BLOG 229 December 8, 2014

Oh, in case you missed it. The Egyptian judges dropped all charges against former President Hosni Mubark. My, my, who would have thought of such a thing? The only surprise is that the military takeover waited this long to spring him. Mubark was acquitted on all corruption charges. In addition, all charges were dismissed against his sons and a wealthy associate who had profited greatly from Mubark’s 30-year-rule. As noted in the Sunday, November 30 edition of the New York Times, this amounts to rewriting history and closing out the story of the January 25 Egyptian revolution. Of course, human rights activists were outraged.

Now, its time for the ousted Mohamed Morsi to go to court and face the same charges. That’s the way it turns out when your side of the revolution loses. The Egyptian judges know who butters their bread.

On the other side of the Middle East, ISIS is taking it on the chin. Iranian jets hit ISIS militants inside Iraq and the United States was well aware of the situation. It appears that a strange alliance has evolved between the two enemy countries because of the radical brutality of the terrorist who beheaded Americans and terrorized the Iraqis at every turn. Everybody is frightened by the ISIS nut cases.

The foot-dragging resignation of Iraqi prime minister Nouri al-Maliki slowed any Western response to the ISIS invasion. No one wanted to jump into the fighting until a more stable and inclusive situation existed in Iraqi. Maliki’s departure in late August opened the door for air strikes by the allies. Even since bombing campaign began the ISIS advance hit the wall. Over 1,000 airstrikes have taken a forcible toll. One U.S. official described the air attacks as “the end of the beginning.”

In a television interview, Jordan’s King Abdullah offered forcible statements that the rise of terrorist extremism is not a reflection of the Muslim faith, but a battle between good and evil. Abdullah dogmatically condemned Muslim extremist as malevolent. The King’s statements are significant because they are in the context of the Arab world. He is an Arab speaking against Arab terrorists. This has not happened in the past at this high level.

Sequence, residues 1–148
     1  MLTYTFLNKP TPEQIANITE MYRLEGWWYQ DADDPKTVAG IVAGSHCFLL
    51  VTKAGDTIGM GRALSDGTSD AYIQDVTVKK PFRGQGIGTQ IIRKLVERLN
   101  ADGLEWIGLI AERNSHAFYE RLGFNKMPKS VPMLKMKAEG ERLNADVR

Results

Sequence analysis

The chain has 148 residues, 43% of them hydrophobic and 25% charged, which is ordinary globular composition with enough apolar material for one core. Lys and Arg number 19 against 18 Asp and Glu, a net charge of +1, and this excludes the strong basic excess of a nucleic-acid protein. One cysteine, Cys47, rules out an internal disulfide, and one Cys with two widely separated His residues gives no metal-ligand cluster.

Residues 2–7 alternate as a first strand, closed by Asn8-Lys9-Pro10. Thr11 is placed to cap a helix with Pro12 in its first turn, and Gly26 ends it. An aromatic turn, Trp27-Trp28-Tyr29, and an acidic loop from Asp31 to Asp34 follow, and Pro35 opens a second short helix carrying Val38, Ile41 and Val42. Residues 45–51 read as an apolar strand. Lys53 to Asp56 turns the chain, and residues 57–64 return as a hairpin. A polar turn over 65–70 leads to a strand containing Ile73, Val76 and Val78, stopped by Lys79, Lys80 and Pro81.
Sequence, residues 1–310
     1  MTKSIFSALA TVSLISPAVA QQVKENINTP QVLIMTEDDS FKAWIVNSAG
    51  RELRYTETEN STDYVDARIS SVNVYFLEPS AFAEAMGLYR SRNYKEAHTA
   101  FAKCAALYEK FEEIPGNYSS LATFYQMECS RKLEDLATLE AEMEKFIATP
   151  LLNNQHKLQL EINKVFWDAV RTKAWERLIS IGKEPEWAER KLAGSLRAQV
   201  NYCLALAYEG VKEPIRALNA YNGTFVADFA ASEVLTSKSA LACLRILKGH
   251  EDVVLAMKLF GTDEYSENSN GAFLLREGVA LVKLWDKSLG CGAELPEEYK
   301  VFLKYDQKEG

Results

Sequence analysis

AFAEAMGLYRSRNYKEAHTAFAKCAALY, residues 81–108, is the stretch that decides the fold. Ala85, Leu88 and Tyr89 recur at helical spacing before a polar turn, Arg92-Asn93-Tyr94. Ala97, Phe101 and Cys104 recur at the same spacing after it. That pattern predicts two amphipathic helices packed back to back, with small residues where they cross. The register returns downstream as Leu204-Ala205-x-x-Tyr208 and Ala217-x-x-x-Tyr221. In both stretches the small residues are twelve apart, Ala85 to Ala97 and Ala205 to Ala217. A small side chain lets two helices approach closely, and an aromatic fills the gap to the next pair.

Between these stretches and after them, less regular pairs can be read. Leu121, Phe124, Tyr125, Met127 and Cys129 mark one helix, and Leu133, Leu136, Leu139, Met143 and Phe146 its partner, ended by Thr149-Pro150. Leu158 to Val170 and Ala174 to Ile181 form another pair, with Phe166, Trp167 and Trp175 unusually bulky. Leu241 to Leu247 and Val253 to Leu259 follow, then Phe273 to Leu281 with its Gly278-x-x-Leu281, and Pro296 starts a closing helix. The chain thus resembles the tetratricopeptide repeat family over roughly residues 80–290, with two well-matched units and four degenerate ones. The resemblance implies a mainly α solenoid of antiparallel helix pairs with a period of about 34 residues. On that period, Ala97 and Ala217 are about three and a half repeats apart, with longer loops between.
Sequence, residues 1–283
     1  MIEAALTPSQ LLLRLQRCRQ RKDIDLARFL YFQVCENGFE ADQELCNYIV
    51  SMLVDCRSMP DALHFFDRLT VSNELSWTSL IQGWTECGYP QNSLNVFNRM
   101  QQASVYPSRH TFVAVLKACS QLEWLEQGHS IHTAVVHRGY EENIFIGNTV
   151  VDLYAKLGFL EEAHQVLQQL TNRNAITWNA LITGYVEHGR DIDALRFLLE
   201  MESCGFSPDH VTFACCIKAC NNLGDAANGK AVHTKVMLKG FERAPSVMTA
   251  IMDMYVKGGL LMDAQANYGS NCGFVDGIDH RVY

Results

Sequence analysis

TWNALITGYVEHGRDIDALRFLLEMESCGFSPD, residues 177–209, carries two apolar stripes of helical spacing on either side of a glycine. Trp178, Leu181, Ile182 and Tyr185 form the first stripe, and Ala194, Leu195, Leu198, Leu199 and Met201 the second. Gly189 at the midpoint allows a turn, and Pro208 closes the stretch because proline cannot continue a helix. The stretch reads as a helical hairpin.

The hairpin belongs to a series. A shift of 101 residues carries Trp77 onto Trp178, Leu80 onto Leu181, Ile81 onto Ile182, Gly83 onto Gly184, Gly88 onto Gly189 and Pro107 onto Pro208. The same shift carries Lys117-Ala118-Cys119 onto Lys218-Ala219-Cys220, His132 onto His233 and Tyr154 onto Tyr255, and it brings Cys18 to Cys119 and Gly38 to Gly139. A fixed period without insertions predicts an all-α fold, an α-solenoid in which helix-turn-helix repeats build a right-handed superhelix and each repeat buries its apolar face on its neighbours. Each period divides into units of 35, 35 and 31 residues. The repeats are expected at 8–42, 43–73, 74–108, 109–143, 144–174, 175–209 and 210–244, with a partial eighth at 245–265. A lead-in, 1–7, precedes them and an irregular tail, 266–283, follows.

Another recent trend that Arab terrorists violence seems to have created is a growing rejection of controlling society with Shariah law (Islamic Law). Brutality apparently has been causing this phenomenon to mushroom among some young Arabs. Generally, the media describes terrorism recruiting tactics based on assassinations, but this new dimension has received little attention. However, a growing number of young Arabs are calling for the abandonment of Shariah law. This conversation is mainly centered in Egypt and Saudi Arabia but appears to be growing in other countries as well. Will they survive? Hard to say, but it is a movement to watch.

At the least, it is now clear that the violent rhetoric of ISIS does not speak for all Muslims. Perhaps, terrorism is actually backfiring! Let’s hope so.

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Filed under Egypt, Israel, middle east, Muslims

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